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Bond Pluribus Cabernet Sauvignon 2006

Cabernet Sauvignon from Napa Valley, California
  • WE94
  • RP94
  • W&S94
0% ABV
  • RP98
  • WS92
  • WS96
  • RP95
  • WE91
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Winemaker Notes

The name refers to the Latin word for many, and was chosen to signify the various facets involved in creating a fine wine: from the sun, soil, and climate of a vineyard, to the team of people who guide a wine through its evolution. A breathtaking mountainous 7-acre site with steep exposures to the north, east and southeast, the soil is comprised of volcanic bedrock. Pluribus, which debuted in the 2003 vintage, is defined as a bold, rich and concentrated wine; elements of dark plum, roasted coffee, and scents of cedar are inherent throughout the vintages.

Critical Acclaim

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WE 94
Wine Enthusiast
Very dark, dramatic, opulent, but young. Opens with brooding aromas of black currants, cassis and spices, and turns dense in tannins in the mouth. Deeply refined, concentrated, intense, bone dry. A classic Napa wine in every sense, and one in need of extended cellaring. 2012–2018. The release date is Spring 2010.
RP 94
Robert Parker's Wine Advocate
The 2006 E Pluribus, like all of these Cabernet Sauvignons, is youthful, with an opaque purple color and a big, sweet nose of blueberry liqueur intermixed with spring flowers and wet rocks. Full-bodied, powerful, and backward, with sweet tannin but formidable structure, this wine needs to be cellared for 4-5 years and drunk over the following 25 years.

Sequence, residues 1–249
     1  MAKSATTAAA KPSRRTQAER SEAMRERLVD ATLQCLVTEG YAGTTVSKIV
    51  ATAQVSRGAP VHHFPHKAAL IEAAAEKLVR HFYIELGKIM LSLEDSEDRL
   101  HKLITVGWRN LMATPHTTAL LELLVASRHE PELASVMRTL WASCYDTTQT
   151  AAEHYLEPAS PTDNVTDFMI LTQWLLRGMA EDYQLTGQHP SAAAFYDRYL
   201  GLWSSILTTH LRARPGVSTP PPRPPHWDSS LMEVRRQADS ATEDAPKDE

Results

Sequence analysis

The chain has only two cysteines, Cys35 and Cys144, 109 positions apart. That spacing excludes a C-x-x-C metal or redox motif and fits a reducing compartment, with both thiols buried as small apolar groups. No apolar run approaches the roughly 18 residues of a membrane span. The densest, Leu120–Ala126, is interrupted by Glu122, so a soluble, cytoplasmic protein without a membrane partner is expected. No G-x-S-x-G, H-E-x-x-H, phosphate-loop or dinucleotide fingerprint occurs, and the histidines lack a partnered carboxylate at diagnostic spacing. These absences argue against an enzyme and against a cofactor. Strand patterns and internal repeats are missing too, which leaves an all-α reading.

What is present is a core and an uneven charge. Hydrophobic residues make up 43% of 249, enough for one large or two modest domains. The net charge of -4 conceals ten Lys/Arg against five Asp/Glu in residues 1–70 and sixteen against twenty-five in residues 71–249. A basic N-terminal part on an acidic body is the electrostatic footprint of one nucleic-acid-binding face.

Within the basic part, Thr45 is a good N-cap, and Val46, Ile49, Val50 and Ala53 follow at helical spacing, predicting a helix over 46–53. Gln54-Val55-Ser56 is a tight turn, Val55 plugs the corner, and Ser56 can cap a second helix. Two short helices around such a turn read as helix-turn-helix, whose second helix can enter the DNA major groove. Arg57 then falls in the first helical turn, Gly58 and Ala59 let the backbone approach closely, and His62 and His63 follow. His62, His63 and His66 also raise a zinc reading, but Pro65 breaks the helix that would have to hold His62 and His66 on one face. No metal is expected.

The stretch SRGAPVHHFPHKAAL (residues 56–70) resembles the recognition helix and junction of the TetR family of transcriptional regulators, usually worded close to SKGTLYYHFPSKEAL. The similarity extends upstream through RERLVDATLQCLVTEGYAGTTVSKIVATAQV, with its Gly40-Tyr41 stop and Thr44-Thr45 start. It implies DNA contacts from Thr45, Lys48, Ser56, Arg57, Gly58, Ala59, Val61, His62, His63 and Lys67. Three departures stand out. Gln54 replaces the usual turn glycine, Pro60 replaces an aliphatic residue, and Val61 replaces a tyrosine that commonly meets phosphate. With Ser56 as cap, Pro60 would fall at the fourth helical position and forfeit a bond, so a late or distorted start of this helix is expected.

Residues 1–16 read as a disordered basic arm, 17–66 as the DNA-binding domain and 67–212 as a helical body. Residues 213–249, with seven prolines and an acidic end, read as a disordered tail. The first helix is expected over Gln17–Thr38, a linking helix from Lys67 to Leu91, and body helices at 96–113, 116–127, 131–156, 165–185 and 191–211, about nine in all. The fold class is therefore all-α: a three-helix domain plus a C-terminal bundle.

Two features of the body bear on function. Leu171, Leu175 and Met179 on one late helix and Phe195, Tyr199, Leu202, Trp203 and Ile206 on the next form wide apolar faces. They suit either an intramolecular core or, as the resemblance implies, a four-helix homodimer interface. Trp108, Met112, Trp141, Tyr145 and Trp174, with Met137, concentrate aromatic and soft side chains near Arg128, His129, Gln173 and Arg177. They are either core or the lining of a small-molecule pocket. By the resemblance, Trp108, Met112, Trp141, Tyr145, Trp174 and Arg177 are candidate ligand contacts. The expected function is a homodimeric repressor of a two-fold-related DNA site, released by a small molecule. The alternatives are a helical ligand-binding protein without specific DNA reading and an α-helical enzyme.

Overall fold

W&S 94
Wine & Spirits
Bill Harlan started the Bond project "to establish a stable of grand crus," as he describes it. Paul Roberts, formerly of The French Laundry, is general manager, the counterpart of Don Weaver, who has worked with Harlan for the past 25 years. We tasted five single-vineyard wines from Bond for this issue, all made the same way, each expressing a different site in the Napa Valley. Pluribus grows at the Oberndorf Vineyard, 900 feet up Spring Mountain, the vines planted in 2000 on fractured volcanic soil. It's a powerful, black and tannic wine in 2006 (Roberts describes it as the Château Montrose of Bond's stable). With air, the masculine arrogance of the tannin slowly relents, turning from savory black olive toward cassis and currant. What's remarkable about the wine is its penetrating depth, a deep well of flavor in the glass. Its richness is another compelling factor: It comes directly from the structure, so rather than feeling heavy, the wine feels complete and fresh.
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Bond
Bond, Napa Valley, California
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The enduring vision at Bond is to create a portfolio of wines that are diverse in their geographic representation and "grand cru" in quality, all under the umbrella of one philosophy, one facility and one mark. Sourced from select hillside estates, the Cabernet Sauvignon-based wines of Bond vividly demonstrate the range of Napa Valley's finest terroirs.

Napa Valley